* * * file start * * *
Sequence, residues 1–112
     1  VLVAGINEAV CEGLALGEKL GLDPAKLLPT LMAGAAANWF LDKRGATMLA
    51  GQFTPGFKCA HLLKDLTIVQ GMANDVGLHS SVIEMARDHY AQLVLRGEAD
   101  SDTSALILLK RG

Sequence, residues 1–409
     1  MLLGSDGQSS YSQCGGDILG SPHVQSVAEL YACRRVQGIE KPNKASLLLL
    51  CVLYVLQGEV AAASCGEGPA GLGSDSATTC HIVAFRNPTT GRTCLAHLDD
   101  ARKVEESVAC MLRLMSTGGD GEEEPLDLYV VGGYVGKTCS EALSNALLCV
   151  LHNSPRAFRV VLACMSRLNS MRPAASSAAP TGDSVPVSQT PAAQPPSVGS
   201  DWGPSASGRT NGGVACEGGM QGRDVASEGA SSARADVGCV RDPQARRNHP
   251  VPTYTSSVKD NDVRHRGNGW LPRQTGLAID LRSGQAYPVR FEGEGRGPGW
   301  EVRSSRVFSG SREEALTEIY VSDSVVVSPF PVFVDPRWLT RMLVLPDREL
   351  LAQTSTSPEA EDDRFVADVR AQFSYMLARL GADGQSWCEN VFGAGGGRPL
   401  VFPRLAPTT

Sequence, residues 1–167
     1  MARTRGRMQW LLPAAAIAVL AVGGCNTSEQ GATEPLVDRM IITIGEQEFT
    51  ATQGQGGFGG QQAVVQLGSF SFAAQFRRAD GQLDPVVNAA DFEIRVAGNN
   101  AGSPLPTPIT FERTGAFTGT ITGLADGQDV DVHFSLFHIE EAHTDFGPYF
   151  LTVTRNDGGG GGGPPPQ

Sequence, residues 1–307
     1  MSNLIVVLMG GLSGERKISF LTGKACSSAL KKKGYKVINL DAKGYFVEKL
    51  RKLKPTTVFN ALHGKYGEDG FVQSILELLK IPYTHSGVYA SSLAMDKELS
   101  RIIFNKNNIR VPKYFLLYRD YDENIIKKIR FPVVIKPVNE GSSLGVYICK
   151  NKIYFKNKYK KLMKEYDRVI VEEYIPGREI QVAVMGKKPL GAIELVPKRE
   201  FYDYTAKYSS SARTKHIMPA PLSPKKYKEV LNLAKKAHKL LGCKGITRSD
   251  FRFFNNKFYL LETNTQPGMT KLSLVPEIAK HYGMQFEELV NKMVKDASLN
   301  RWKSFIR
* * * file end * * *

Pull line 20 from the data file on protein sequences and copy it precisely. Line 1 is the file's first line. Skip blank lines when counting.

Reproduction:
Sequence, residues 1–307